Meanwhile India, under British rule, never heard of privacy as a concept as it was an operation country/state. The citizens of India were never really free enough to think of something as a personal right. Even after 1947, i.e. India’s Independence, there were only a few instances where privacy was discussed in the courts of India but it never became a public furor until the Aadhar case. The first mention of the right to privacy was in a Supreme Court ruling in the case of M.P. Sharma v. Satish Chandra. The other prominent cases concerning privacy issues were the cases of Kharak Singh v. State of UP, Govind v. State of Madhya Pradesh and the Auto Shankar case.
Coming almost 6 decades after the independence of India, the UPA government came up with the Aadhar card plan under UIDAI. A lot of data had to be collected for the program. It is interesting to know that even though the Aadhar card was a program of the government, it didn’t have legal backing and there was no privacy law to check a breach in place. After consideration, the program was launched and the government, being disingenuous, assured the protection of its people.
The final nail was the well-known Puttaswamy judgment which changed our notion of the right to privacy. On 24 August 2017, a nine-judge bench delivered a decision that ran into 547 pages and is the most expansive and deeply deliberated discussion on privacy law in the Indian legal jurisprudence. The judgment stated that privacy is an integral part of the Constitution of India and was a part of the fundamental right provided by the Constitution even though it wasn’t written. The nine judges recognized the benefits provided by the modern data-driven world and how it would enable the less fortunate to improve their lives. At the same time, they were mindful of the devastating consequences of adopting modern technologies blindly.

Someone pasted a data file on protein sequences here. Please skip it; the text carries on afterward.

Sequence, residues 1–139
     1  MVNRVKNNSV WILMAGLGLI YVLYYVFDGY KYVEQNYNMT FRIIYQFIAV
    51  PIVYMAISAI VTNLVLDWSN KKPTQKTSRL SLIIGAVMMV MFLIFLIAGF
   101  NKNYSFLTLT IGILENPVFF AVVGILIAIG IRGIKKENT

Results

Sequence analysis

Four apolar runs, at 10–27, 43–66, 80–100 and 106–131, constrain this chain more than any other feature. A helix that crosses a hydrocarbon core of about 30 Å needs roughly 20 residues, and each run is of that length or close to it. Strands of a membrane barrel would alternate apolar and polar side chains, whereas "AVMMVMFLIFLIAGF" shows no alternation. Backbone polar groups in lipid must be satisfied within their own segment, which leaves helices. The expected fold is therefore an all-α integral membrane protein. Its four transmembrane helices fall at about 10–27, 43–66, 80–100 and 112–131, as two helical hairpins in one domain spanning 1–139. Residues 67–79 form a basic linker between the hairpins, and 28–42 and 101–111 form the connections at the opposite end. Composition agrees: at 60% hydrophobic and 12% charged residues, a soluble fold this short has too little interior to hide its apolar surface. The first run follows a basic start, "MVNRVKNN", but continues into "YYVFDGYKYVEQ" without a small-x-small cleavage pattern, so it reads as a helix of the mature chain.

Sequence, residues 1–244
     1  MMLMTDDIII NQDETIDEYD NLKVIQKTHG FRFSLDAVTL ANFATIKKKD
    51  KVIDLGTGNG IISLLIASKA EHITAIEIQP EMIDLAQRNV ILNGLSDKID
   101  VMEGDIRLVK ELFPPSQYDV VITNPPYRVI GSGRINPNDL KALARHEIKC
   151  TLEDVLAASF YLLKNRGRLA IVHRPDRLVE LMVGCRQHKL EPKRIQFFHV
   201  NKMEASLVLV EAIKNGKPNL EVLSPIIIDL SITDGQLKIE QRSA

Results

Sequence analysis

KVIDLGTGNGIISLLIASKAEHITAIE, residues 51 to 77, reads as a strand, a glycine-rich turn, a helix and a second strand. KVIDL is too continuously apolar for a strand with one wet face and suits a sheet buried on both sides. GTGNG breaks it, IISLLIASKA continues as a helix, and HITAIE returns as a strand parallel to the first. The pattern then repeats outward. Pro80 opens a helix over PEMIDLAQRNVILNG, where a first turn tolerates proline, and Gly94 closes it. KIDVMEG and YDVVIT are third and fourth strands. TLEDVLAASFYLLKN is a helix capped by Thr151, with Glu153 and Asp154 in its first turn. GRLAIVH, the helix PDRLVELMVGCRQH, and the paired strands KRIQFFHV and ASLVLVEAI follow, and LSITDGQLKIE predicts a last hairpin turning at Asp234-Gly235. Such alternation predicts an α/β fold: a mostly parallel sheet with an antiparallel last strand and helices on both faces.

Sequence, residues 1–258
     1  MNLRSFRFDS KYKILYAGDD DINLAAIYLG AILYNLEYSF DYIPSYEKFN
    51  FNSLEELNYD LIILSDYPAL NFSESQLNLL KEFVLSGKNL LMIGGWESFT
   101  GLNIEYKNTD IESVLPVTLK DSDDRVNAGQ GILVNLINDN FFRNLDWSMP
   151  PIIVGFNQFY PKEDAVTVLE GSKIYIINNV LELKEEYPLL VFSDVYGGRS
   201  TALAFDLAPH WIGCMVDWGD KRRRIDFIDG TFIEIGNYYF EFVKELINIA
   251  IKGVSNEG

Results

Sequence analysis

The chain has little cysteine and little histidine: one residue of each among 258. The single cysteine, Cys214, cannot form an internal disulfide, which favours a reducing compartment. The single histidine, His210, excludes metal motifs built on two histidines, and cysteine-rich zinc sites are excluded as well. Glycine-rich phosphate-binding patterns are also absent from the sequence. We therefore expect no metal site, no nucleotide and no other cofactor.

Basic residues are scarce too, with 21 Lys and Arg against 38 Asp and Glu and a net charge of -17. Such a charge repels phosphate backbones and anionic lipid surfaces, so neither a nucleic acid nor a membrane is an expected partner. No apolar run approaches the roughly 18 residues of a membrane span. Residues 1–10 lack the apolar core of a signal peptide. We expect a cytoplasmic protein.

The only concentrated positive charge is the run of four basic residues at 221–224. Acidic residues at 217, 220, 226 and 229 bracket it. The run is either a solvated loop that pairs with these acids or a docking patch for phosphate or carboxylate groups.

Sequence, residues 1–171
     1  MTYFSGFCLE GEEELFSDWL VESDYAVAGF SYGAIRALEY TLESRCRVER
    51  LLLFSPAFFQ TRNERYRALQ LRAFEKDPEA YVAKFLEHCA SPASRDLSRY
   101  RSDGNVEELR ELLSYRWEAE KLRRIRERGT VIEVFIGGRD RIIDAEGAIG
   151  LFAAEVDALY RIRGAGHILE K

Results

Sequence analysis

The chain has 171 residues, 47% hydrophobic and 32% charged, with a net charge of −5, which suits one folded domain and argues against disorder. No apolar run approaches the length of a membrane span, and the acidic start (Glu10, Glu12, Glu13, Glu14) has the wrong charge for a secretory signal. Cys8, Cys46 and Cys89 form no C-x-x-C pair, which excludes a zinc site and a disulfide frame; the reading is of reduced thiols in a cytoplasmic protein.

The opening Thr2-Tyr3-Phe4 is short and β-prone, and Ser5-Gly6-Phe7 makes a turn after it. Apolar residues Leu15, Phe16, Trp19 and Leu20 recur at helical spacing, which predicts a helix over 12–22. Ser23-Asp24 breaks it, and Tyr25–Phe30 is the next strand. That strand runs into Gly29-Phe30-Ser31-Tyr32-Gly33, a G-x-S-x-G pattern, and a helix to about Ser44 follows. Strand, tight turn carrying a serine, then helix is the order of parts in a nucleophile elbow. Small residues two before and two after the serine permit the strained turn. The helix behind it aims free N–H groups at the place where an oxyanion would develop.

Now, as we are surrounded by a plethora of data, we should be using it beneficially to innovate while being cautious of the privacy aspect. India will have to keep learning from other countries and organizations to unlock the full potential of data-keeping privacy in mind. The company needs to be responsible for who is working with the data as no ordinary man reads the T&C before using the product. Data is the new oil and needs to be used effectively and its breach must be dealt with maximum possible punishment.
I’ve read in an article that instead of conceptualizing privacy with the traditional method, we should instead understand privacy as a set of family resemblances. In Philosophical Investigations, Ludwig Wittgenstein argued that some concepts do not have “one thing in common” but “are related to one another in many different ways.” Instead of being related by a common denominator, some things share “a complicated network of similarities overlapping and criss-crossing: sometimes overall similarities, sometimes similarities of detail.” In other words, privacy is not reducible to a singular essence; it is a plurality of different things that do not share one element in common but that nevertheless bear a resemblance to each other.
It sounds trite but with the ever-increasing use of different technologies in the modern world, we can only hope that the people responsible for our protection would do the same and eventually develop ways to protect our right to privacy.